Decide the distance and angle between your microphones if you're recording in stereo. I really recommend the article "The stereophonic zoom" By Michael Williams! I sometimes use the "crocodile eye viewer" to judge the necessary angle for capturing the sound sources and reference the table for my microphone type to get a good setup for the microphones. If you use a measuring tape it's also possible to use some math to calculate distance and/or angle (for the true stereophonic field). See some examples on the Math example page.

Then I try to find the loudest note in the loudest stop and set the recording level after that. You don't want clipping (getting a peak at 0 dB or above) but you don't want it to be too quiet either. Try to shoot for at least around - 3 dB if possible. No compression or limiters! This is not pop music!

When recording I usually use the best quality setting that my audio interface or device allows, this means for me that 24/48 will be used with computers and 24/96 with my Microtrack.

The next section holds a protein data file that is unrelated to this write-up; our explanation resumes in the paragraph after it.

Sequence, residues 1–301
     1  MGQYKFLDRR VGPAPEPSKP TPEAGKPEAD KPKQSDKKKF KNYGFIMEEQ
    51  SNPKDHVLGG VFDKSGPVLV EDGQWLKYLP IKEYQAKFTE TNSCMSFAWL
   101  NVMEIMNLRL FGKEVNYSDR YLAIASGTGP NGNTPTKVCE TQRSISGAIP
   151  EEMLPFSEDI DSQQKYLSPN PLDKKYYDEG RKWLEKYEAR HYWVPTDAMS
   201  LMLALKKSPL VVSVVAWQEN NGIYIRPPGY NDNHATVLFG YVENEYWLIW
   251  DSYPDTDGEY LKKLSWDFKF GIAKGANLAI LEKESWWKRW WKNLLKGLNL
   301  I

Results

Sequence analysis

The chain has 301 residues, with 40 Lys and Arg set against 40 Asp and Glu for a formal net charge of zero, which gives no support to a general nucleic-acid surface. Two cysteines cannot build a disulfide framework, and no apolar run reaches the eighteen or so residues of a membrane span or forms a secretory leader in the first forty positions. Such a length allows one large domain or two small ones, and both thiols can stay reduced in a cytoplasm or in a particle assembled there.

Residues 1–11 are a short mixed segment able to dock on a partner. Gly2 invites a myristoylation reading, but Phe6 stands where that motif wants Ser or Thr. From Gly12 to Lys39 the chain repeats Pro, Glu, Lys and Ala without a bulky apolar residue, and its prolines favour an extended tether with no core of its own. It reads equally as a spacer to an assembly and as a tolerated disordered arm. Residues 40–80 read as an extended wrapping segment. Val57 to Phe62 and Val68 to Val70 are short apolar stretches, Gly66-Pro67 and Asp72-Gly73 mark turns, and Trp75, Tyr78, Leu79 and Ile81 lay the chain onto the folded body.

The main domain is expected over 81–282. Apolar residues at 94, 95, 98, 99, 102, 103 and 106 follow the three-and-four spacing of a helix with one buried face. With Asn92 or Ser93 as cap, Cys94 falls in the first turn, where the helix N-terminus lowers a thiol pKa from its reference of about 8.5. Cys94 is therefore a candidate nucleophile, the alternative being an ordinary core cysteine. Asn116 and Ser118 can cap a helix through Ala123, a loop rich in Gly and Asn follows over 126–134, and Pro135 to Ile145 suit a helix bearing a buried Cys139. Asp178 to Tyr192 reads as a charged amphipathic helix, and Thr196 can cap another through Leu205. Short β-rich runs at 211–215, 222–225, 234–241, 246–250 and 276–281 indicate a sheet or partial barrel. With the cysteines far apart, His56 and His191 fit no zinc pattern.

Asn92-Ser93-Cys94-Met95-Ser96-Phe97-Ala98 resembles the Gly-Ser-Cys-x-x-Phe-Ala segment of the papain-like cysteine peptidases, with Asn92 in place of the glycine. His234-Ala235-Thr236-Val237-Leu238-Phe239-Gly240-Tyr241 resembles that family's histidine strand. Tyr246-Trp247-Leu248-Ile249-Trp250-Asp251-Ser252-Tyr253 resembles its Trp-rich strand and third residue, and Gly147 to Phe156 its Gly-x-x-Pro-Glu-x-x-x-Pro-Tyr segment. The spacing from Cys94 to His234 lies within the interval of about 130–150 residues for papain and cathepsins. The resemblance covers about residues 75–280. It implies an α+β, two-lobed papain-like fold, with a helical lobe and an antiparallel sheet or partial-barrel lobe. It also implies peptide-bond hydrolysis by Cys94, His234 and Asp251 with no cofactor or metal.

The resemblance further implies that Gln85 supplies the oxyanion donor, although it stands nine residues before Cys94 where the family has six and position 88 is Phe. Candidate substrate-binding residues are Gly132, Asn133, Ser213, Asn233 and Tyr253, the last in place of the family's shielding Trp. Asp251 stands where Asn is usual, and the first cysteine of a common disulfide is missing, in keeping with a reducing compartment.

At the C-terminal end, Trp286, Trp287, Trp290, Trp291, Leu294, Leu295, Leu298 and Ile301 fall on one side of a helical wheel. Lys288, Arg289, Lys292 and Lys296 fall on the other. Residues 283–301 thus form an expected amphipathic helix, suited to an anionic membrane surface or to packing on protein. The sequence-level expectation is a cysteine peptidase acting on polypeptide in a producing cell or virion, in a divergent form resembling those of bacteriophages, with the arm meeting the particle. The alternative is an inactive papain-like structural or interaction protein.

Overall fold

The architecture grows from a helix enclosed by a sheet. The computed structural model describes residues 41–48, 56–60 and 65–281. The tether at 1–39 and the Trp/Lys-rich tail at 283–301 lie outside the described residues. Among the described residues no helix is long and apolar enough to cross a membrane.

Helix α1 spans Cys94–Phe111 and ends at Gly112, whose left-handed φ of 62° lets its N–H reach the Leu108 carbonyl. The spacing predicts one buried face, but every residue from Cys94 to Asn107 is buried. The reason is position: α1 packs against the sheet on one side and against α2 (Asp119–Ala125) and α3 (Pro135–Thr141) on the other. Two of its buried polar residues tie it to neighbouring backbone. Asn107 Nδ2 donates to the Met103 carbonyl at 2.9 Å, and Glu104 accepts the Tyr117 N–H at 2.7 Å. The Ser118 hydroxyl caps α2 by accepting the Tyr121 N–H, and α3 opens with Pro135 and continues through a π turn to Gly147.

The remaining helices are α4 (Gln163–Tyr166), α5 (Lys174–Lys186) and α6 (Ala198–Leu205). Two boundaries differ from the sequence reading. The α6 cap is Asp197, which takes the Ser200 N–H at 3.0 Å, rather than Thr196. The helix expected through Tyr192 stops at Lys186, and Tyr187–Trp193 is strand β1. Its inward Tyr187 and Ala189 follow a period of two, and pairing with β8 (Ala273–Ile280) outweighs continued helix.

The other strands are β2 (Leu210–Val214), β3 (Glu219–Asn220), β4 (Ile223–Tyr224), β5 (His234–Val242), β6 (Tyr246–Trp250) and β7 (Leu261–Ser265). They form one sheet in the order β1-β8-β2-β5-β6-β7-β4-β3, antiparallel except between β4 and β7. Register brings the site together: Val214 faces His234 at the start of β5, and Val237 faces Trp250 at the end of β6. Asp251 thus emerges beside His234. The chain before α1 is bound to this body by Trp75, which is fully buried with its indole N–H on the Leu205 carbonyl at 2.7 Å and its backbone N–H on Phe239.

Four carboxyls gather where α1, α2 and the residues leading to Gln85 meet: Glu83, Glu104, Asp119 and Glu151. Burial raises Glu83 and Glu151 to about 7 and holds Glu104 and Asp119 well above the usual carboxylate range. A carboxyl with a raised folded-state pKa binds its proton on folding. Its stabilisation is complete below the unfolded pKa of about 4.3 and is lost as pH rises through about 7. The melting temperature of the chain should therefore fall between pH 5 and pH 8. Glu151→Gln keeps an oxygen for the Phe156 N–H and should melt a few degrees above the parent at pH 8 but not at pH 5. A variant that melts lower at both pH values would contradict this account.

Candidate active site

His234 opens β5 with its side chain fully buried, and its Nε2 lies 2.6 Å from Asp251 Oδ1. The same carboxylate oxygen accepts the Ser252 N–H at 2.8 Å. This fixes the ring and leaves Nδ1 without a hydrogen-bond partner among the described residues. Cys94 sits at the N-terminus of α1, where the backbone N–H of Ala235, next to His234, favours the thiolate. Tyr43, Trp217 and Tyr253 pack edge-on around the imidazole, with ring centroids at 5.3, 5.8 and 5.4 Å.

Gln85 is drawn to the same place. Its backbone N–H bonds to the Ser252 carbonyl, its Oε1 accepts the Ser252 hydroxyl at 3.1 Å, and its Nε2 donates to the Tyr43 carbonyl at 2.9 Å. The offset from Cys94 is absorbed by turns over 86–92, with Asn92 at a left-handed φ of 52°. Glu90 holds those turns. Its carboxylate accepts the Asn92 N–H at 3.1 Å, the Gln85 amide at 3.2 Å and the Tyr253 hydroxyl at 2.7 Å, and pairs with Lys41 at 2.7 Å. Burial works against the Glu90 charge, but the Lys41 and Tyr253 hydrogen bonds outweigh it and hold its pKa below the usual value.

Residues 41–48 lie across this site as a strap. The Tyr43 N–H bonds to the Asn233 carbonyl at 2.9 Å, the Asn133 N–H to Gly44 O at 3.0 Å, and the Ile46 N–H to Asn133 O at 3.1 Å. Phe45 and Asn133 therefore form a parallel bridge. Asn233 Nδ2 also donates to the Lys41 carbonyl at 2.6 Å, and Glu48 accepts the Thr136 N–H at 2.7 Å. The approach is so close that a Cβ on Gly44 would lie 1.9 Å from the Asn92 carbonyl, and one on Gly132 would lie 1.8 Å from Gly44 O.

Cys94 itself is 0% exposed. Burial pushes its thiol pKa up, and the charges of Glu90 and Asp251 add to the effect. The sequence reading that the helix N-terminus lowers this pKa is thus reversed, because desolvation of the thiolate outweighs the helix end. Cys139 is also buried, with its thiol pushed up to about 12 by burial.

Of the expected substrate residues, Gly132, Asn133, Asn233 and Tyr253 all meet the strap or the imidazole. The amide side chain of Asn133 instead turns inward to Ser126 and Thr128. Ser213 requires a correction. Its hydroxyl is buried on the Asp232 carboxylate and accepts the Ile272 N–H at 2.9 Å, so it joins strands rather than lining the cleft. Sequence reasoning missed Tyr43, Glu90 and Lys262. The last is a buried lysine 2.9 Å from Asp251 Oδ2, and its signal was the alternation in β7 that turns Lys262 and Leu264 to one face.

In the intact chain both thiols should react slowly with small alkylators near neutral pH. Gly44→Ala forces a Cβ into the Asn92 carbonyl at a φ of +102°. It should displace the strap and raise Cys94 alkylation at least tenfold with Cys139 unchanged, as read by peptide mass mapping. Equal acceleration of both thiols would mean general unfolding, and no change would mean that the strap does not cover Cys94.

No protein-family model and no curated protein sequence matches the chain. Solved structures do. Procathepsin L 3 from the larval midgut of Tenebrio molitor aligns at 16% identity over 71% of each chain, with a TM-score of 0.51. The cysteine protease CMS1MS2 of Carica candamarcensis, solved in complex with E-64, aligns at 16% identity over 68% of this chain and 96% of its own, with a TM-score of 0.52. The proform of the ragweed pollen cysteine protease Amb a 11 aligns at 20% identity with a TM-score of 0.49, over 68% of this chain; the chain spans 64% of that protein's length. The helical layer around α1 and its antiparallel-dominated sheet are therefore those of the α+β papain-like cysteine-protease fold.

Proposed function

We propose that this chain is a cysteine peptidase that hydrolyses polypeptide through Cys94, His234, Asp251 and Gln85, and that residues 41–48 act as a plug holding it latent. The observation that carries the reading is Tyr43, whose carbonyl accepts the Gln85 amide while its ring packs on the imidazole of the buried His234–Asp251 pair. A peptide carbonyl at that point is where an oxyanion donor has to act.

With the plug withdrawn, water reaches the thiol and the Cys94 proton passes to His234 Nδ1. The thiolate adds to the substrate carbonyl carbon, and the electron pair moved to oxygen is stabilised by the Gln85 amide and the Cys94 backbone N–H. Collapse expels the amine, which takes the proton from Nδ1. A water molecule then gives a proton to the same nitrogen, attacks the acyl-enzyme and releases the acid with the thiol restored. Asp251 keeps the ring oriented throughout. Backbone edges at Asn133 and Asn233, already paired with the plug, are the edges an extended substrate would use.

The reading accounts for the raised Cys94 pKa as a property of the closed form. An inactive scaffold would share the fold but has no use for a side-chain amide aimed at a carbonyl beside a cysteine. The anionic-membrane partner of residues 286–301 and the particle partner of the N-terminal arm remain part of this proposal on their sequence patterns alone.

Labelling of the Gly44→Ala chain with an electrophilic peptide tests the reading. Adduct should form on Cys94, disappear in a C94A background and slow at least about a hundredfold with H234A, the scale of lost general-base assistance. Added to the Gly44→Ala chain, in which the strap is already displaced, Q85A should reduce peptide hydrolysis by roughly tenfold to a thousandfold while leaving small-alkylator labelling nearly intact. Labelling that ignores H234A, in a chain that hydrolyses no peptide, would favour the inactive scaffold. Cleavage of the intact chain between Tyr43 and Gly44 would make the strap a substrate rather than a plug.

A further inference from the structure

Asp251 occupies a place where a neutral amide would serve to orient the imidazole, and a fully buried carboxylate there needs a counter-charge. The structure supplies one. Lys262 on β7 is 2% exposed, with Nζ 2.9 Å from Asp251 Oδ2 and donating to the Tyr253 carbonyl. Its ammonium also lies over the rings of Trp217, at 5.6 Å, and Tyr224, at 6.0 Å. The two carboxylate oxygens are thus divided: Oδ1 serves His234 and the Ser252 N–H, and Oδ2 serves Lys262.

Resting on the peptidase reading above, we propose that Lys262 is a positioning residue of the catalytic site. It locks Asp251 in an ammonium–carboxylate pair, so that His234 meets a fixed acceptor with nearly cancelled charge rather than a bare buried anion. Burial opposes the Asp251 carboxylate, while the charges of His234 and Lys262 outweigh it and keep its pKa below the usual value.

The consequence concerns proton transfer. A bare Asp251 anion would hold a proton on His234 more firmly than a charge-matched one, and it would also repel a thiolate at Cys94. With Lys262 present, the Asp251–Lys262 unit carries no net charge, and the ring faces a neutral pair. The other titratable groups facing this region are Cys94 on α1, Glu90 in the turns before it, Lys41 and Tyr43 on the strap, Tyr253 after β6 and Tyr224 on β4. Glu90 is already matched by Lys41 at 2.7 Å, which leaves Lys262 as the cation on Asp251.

I used to record a few stops at once (normally around four when single samples are taken) before stopping and saving. But recording one stop at a time could be considered a good practise, especially if you're taking more than one sample per pipe. Always keep note of what you record and in which order. Always record a nice and long portion of "silence" or "room noise" (with every file!) so that you can get a good noise profile to work with later.

When playing the samples I go from the lowest note to the highest one at a time. I normally shoot for at least 3 seconds of a fully developed and stable note (longer can many times be better!) and as much distance to the next as is necessary to get a quiet room in between the notes. It's generally more than you think since the microphones are more sensitive than your ears at the console. Try give it at least 2 seconds more after you've heard the note die out! The lower frequencies will benefit from (much) longer sustain sections, and the looping of the samples will also be easier especially when dealing with compound stops (mixtures and such).